Iowa State University’s Department of Electrical and Computer Engineering and the Information Assurance Center will expand their Information Assurance Graduate Program and Cyber Defense Competition to include a Cyber-Physical System (CPS) Security focus beginning in the fall 2014 semester.
The expansion will improve two premiere components of the department’s cybersecurity and information assurance education initiatives. These initiatives helped earn Iowa State’s re-designation as a National Center of Academic Excellence in Information Assurance/Cyber Defense Education by the National Security Agency (NSA) and the Department of Homeland Security (DHS).
“Adding a cyber-physical component to our lineup of cyber defense competitions (CDC) enables Iowa State to maintain its leadership in inquiry-based cyber defense competitions,” said Doug Jacobson, University Professor and Director of the Iowa State Information Assurance Center. “Our CPS-based CDC will become a model for other schools across the country and will be included in our nationwide release of the CDC software.”
The Information Assurance Graduate Program will feature a new course and will update existing courses to reflect the program’s increased focus on cyber-physical security. Iowa State has one of the nation’s oldest information assurance graduate programs and these additions provide students with additional options.
“The new cyber-physical focus area in the graduate information assurance degree program will provide students a unique opportunity to gain knowledge of CPS security and enter the workforce better able to secure the nation’s critical infrastructure,” said Jacobson.
The updated cyber defense competition and curriculum expansion come as a direct result of Iowa State’s participation in the SmartAmerica Challenge organized by the White House Presidential Innovation Fellows program. As part of a team that includes a number of industry partners (Scitor Corporation, National Instruments) and national laboratories (MITRE Corporation and NREL) along with the University of Southern California’s Information Science Institute (USC/ISI), North Carolina State University, Penn State University, and the University of North Carolina at Chapel Hill, Iowa State is working to strengthen the security and resiliency of power grids against cyber-attacks using state-of-the-art CPS platforms, algorithms, and tools enabled by integrated, extensible testbeds.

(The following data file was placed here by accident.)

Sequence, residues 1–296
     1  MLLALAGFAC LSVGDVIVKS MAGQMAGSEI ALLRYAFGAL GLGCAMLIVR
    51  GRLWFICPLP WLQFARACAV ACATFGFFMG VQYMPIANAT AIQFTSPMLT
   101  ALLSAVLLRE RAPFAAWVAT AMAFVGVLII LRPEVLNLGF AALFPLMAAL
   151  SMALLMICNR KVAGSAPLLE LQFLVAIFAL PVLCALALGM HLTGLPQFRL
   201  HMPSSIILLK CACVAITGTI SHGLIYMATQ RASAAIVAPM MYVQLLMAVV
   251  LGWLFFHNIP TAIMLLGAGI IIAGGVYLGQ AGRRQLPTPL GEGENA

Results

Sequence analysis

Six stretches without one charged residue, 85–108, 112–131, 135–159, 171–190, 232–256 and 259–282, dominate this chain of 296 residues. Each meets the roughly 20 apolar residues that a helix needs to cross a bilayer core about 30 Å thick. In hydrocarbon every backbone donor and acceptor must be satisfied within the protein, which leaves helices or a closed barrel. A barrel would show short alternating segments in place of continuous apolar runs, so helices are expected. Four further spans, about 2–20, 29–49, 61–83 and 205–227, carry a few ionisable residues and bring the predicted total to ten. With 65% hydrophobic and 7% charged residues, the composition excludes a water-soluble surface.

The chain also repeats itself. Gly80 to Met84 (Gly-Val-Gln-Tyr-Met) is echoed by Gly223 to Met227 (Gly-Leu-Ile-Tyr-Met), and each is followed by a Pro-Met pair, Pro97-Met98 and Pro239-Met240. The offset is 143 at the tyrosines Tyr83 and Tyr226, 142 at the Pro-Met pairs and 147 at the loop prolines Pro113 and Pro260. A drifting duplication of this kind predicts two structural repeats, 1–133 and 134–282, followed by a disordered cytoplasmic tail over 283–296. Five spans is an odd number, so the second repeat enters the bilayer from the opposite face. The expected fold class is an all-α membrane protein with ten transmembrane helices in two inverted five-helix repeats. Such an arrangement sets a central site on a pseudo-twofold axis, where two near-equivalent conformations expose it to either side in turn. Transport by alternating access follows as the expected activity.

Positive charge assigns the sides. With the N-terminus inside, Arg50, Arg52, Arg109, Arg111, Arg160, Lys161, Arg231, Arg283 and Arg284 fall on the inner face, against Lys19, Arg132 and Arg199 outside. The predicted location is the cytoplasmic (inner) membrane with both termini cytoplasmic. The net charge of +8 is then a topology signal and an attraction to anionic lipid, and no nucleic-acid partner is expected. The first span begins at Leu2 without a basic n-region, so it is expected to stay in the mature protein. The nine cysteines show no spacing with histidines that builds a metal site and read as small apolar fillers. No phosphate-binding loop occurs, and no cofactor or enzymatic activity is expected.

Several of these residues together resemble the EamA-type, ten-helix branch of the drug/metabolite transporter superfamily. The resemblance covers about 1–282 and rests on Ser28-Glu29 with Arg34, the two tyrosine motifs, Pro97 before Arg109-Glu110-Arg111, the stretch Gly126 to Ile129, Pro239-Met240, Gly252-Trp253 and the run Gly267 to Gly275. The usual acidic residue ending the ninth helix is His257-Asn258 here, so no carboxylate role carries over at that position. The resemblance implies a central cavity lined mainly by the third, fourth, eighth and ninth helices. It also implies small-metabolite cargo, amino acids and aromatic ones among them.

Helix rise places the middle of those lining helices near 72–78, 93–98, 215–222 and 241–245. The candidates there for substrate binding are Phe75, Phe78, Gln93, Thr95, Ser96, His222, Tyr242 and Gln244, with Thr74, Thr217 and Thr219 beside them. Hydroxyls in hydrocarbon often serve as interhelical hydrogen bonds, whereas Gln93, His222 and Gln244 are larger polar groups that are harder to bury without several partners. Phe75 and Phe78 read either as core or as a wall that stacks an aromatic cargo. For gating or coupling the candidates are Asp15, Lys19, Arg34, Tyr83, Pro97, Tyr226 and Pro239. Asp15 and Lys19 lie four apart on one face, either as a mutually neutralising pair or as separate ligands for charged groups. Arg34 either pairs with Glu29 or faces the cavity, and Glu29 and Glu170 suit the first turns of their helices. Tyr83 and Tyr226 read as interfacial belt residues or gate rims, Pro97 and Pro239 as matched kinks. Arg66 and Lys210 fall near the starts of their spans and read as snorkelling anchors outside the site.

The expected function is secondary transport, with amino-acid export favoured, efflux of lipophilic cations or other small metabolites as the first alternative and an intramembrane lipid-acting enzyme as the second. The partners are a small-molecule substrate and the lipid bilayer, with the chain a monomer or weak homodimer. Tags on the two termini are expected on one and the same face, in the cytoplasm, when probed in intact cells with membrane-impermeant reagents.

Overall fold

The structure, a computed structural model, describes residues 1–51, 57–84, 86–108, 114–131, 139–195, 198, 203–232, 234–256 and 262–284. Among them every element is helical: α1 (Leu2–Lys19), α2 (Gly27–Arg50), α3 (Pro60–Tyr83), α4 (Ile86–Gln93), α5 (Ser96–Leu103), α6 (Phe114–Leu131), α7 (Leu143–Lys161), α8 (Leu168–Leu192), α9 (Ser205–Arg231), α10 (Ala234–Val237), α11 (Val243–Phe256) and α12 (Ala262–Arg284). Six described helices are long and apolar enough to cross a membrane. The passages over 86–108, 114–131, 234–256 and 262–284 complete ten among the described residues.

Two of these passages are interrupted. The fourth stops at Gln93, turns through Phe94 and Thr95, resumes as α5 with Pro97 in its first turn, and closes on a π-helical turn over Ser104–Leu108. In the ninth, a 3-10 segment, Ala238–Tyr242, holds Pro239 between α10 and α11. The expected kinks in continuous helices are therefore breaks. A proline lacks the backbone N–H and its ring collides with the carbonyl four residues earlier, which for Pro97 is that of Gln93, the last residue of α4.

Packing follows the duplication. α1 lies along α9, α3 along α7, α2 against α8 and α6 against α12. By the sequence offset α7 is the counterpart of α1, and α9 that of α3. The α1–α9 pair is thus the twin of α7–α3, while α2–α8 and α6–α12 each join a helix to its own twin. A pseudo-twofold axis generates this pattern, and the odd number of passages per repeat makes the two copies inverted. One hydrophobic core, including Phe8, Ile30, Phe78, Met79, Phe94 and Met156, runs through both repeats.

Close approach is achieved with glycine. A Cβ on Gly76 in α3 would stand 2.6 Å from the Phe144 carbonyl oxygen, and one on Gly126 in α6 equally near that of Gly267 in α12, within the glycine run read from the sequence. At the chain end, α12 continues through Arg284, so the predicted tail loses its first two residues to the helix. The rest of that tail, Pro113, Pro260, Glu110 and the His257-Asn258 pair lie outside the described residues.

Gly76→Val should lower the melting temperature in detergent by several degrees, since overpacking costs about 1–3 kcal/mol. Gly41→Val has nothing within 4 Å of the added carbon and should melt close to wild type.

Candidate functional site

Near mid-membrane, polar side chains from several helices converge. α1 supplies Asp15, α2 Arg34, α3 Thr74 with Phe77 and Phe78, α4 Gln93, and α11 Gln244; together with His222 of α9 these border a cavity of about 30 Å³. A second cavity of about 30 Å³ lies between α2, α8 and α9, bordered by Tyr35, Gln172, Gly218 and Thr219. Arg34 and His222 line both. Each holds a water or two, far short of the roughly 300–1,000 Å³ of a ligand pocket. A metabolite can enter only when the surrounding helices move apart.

Iowa State is the home of PowerCyber, a state-of-the-art CPS Security Testbed for the Smart Grid. Supported by the National Science Foundation, PowerCyber integrates industry-grade cyber and power system hardware and software through a hybrid testbed environment composed of real, emulated and simulated components. One of the goals of the team’s SmartAmerica Challenge project is to demonstrate the synergistic capabilities of PowerCyber and DETER, the University of Southern California’s large-scale cyber security testbed. Using the capabilities of both testbeds, the team is developing secure CPS architectures and secure wide-area monitoring-protection-control algorithms, in addition to conducting realistic attack-defense experiments and accelerating the transition of CPS security theory into practice.
“The SmartAmerica Challenge provided an ideal platform to develop this futuristic research initiative,” said Manimaran Govindarasu, Mehl Professor and Associate Chair of ECpE. “It also laid out an excellent process for synergistic collaboration among academia, industry and national laboratories. This collaboration to envision and develop technology building blocks and educational programs will transform society.”
Govindarasu will demonstrate the team’s research accomplishments and initiatives at the 2014 SmartAmerica Expo at the Washington DC Convention Center on June 11.